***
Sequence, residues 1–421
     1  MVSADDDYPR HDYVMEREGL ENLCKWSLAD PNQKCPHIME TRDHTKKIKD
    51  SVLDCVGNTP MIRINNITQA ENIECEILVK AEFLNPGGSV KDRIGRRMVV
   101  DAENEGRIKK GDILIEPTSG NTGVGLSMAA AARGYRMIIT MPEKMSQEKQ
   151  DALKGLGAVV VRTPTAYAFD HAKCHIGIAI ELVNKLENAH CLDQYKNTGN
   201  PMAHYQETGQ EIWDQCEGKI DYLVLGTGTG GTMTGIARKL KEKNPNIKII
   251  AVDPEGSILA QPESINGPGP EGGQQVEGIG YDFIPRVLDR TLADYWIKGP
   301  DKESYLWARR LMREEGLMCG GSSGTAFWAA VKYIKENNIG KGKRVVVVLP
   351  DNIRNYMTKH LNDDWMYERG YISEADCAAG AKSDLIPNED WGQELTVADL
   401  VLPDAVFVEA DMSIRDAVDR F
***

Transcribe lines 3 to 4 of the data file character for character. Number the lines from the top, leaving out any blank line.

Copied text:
    51  SVLDCVGNTP MIRINNITQA ENIECEILVK AEFLNPGGSV KDRIGRRMVV
   101  DAENEGRIKK GDILIEPTSG NTGVGLSMAA AARGYRMIIT MPEKMSQEKQ